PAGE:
For this year’s Advent Calendar, I thought I’d start off by reviewing the now-classic Bob’s Burgers episode “God Rest Ye Merry Gentle-Mannequins.”
Most of the show’s Christmas episodes, from the iconic “Christmas in the Car” to last year’s touching “Father of the Bob” centralize the action on the Belcher clan and their calamitous but rock-solid familial connection. “God Rest Ye Merry Gentle-Mannequins” is different; it takes an outside figure and brings him into the Belcher’s world and gives us their reactions to him.
The family happens upon this character by total accident – they’ve inherited a storage shed through Bob’s dead Uncle Ernie (“Uncle Ernie died?” remarks Linda, in a classic example of the show’s cockeyed sense of sentimentality. “Aww, but it’s Christmas!”). Going to check through what they’ve been left, the family stumbles instead upon Chet, a vagrant who has been living in the structure for years.
Linda, who infamously loves Christmas and the Christmas spirit more than nearly anything in the world, immediately suggests they move Chet into the house for the holidays, an idea Bob’s resistant to. Bob’s ultimately convinced when he watches Chet build a Christmas display that draws the attention of the local media and the townsfolk. But Chet is so alienated from the rest of society that he believes he’s a mannequin, and in typical oddball Bob’s Burgers style, he’s in distress because he’s been separated from a mannequin he’s in love with, Nadine. He tells Bob that he only turned into a human being because of the disappearance of his love. When Bob snaps and mocks him, Chet’s trauma overtakes his intentions - Bob and Linda argue over whether they should continue to shelter the guy until Chet turns the once-peaceful holiday set piece into a violent expression of his anger, complete with squirting ketchup blood - leaving the family to search for Chet’s discarded girlfriend in the hope that he’ll create a more conventional Christmas display. They end up in an adult emporium, which, if you know anything about the show, provides a perfectly ridiculous, perfectly magical place for the action to crest (Cue Gene, Louise and Tina releasing a horde of vibrators as a hilarious and memorable distraction so Bob and Linda can free Nadine). Chet and Nadine are at last reunited, but the owner of the adult emporium won’t give her up without a fight.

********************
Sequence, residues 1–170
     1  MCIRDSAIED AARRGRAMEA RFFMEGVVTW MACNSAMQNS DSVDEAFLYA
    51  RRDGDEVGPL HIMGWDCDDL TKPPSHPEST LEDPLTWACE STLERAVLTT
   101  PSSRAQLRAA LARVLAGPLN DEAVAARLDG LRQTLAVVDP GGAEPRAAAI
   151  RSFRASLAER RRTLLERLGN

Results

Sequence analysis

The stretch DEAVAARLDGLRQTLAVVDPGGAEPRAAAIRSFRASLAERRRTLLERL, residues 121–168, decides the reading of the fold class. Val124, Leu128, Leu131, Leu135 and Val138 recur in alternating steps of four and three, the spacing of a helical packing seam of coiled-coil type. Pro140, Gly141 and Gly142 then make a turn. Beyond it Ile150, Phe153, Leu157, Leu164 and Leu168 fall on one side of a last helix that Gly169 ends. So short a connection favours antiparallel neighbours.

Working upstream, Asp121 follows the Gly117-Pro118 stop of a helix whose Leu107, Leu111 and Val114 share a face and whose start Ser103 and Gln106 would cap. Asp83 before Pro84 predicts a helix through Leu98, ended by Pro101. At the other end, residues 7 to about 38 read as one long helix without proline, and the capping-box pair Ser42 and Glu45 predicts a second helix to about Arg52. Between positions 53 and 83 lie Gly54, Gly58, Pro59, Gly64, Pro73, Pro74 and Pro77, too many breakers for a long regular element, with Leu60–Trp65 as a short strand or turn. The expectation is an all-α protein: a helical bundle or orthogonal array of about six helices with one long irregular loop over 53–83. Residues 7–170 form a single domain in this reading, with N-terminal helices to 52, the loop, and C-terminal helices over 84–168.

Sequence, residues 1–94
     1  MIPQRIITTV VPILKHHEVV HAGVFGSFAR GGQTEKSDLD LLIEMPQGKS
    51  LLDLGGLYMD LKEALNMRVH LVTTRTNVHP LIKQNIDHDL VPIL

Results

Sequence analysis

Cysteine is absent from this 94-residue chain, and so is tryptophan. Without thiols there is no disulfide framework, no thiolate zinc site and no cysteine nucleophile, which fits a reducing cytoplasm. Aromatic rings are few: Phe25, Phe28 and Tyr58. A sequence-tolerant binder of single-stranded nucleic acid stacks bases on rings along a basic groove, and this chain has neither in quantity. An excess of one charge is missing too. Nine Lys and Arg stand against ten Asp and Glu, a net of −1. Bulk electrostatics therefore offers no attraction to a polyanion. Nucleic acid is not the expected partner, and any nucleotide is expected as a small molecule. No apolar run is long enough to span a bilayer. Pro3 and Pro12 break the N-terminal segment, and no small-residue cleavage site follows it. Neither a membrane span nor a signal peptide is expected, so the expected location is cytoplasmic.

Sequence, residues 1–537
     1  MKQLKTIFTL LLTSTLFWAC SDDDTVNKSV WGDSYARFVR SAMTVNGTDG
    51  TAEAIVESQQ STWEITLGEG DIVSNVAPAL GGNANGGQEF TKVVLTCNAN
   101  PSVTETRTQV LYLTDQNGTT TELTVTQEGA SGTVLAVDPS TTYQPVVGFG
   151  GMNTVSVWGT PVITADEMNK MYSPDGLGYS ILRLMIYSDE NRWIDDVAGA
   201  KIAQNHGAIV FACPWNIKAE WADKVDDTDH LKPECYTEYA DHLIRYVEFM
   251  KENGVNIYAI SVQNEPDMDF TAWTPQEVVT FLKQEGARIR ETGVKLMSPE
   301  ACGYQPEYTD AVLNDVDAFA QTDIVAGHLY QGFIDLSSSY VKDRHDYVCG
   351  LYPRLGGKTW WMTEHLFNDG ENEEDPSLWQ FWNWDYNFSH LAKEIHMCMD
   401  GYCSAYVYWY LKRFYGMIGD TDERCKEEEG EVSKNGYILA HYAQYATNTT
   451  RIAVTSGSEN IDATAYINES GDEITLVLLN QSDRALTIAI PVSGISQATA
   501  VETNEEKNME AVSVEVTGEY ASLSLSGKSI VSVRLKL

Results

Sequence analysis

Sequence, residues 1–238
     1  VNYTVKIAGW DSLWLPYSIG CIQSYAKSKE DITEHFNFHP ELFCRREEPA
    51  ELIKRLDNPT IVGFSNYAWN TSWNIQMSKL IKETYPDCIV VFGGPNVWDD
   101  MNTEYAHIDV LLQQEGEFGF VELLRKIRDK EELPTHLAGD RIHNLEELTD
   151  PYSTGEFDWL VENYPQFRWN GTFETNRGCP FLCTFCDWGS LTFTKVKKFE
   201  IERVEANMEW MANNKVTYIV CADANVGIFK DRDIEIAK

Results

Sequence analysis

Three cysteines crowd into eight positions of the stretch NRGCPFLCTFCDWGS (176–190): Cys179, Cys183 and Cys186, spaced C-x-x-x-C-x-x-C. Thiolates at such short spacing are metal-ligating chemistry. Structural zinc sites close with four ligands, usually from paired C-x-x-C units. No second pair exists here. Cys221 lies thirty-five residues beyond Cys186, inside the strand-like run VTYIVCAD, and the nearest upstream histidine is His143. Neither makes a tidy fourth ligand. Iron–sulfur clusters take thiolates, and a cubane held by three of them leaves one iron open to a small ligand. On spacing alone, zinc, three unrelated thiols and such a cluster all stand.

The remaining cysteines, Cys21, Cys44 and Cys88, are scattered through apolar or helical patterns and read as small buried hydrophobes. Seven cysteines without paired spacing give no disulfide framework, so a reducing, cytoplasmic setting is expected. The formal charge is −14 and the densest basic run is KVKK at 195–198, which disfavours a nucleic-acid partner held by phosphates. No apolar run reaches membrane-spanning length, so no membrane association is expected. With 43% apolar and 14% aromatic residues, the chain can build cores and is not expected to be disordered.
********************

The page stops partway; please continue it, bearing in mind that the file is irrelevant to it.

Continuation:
“God Rest Ye Gentle-Mannequins” is a great little encapsulation of how the show presents itself – sweet natured show that’s tinged from root to tip with black comedy, a show that’s achingly funny and ribald ad yet believes that its off-kilter characters deserve love, compassion and their own time in the spotlight – and that every single person deserves a happy Christmas. Yes, even if you think you’re a mannequin.